Samsung’s folded lens, similar to the Huawei P30 Pro‘s periscope lens, sits sideways inside the smartphone to give it extra room and uses a mirror to turn 90 degrees and take shots out of the back of the phone. Otherwise, you wouldn’t be getting to extreme zoom levels with a thin smartphone.

Using a tripod for this first test, here are the results, starting with 1x (no zoom) and going to 2x, 10x, 30x and 100x, then back down to 0.5x for the ultra-wide.

Edit: We went back and re-did our testing to include both day and night to see what happens when more shadows creep in.

S20 Ultra photo gallery

The S20 Ultra camera at 100x isn’t something you’d post to Instagram – it’s almost a stylized hand-drawn version of what New York City’s Grand Central Terminal clock looks like. But this is close to what 10x digital zoom looks like on Samsung’s competitors.

Essentially, Samsung’s camera is making 10x optical hybrid zoom fairly useable when that’s the maximum digital zoom on many of its rivals (and its own previous cameras). Even 4x and 30x (which are preset zoom levels on the camera UI) are usable in the right scenarios (read: good lighting conditions and with a steady hand or tripod), while the 100x zoom feels like a neat tech demo and similar to the quality of 10x digital zoom on other phones cameras.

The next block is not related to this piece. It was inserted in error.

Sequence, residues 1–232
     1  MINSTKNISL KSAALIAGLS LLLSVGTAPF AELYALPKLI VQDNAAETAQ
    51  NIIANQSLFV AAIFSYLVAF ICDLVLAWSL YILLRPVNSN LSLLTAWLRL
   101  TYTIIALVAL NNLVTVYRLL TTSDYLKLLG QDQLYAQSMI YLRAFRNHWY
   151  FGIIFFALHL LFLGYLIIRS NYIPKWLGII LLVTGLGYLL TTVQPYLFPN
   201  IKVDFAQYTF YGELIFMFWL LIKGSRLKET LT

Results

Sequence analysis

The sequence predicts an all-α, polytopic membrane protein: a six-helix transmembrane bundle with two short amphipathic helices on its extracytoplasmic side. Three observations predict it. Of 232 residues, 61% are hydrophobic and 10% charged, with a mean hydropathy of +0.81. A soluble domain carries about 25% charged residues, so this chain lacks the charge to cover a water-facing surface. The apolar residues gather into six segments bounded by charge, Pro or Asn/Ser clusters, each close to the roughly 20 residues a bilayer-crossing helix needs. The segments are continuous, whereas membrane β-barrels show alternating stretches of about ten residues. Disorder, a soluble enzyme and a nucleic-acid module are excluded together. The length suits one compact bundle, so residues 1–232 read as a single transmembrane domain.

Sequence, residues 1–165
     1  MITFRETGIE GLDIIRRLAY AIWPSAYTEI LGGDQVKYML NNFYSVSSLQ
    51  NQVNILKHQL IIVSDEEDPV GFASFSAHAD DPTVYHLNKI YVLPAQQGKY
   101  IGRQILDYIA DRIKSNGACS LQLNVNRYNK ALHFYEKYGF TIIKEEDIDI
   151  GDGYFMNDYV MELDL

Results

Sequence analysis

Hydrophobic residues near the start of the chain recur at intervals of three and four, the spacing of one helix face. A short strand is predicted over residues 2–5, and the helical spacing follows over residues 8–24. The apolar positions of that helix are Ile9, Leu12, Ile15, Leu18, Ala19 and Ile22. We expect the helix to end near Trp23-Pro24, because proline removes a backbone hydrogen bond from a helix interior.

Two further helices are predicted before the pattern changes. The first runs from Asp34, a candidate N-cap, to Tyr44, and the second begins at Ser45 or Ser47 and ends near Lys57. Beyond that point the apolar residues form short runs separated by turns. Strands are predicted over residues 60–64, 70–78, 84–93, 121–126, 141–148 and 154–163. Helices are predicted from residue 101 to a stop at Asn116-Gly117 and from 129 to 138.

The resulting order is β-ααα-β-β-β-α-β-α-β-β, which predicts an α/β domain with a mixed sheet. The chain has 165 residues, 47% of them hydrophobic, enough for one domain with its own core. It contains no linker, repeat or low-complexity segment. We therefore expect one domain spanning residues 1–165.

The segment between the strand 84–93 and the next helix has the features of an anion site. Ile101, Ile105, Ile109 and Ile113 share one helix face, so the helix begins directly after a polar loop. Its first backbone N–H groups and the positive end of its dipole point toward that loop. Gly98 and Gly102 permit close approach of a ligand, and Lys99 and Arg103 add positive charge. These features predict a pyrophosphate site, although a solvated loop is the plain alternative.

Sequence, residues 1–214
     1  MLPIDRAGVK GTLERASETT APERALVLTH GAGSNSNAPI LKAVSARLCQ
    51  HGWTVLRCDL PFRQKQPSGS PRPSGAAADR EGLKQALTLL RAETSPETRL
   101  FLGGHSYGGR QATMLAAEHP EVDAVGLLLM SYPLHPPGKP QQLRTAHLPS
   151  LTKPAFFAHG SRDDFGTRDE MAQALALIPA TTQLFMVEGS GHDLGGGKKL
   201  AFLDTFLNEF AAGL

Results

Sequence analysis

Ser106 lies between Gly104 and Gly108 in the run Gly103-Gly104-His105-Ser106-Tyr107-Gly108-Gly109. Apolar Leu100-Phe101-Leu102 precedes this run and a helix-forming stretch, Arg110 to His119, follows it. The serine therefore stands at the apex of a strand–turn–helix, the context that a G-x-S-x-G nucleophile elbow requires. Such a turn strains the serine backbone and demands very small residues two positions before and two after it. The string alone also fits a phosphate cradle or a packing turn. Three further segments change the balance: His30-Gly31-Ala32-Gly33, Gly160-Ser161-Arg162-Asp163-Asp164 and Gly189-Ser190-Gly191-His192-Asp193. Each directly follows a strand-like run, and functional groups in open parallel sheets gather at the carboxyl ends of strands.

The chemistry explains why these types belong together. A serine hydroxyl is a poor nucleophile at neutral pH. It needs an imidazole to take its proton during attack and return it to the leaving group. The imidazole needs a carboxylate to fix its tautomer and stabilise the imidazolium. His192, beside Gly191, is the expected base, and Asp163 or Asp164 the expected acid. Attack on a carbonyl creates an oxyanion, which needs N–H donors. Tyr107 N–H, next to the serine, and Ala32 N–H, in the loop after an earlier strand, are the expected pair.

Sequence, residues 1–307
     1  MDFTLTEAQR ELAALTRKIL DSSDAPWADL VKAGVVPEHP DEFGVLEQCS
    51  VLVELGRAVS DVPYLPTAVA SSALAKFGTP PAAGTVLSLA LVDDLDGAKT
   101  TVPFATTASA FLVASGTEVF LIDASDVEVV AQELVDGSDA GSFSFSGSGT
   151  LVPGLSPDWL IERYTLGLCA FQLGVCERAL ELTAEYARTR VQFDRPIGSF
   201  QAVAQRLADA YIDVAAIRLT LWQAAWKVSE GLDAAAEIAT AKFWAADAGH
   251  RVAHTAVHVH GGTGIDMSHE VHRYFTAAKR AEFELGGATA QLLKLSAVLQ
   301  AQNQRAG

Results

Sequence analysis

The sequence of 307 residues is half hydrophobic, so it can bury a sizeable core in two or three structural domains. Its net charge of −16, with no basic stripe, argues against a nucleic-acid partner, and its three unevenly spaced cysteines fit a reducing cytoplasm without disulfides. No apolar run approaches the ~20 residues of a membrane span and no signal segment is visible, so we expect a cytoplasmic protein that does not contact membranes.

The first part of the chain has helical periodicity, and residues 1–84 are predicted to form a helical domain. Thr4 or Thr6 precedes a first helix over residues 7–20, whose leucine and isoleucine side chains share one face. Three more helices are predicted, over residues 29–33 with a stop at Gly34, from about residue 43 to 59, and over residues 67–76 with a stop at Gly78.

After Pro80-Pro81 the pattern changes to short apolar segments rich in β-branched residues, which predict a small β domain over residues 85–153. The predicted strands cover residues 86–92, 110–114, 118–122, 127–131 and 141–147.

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Besides the S20 Ultra, here’s what we’ve included

Looking at the Galaxy S20 Ultra camera’s photos is helpful, but examining them alone isn’t good enough for our testing. So we’ve included several of Samsung’s rivals and two of last year’s Samsung phones in many of the scenarios.

Here’s what we’ve included and why:

  • Samsung Galaxy S20 Ultra: because… otherwise this is pointless, right?
  • iPhone 11 Pro Max: the S20 Ultra’s chief competitor from Apple
  • Google Pixel 4: one of the best camera phones in our book
  • Samsung Galaxy S10: how much has the S20 Ultra improved things?
  • Samsung Galaxy Note 10: some people are deciding between the S20 Ultra and Note 10 (and have emailed us, so this is for you)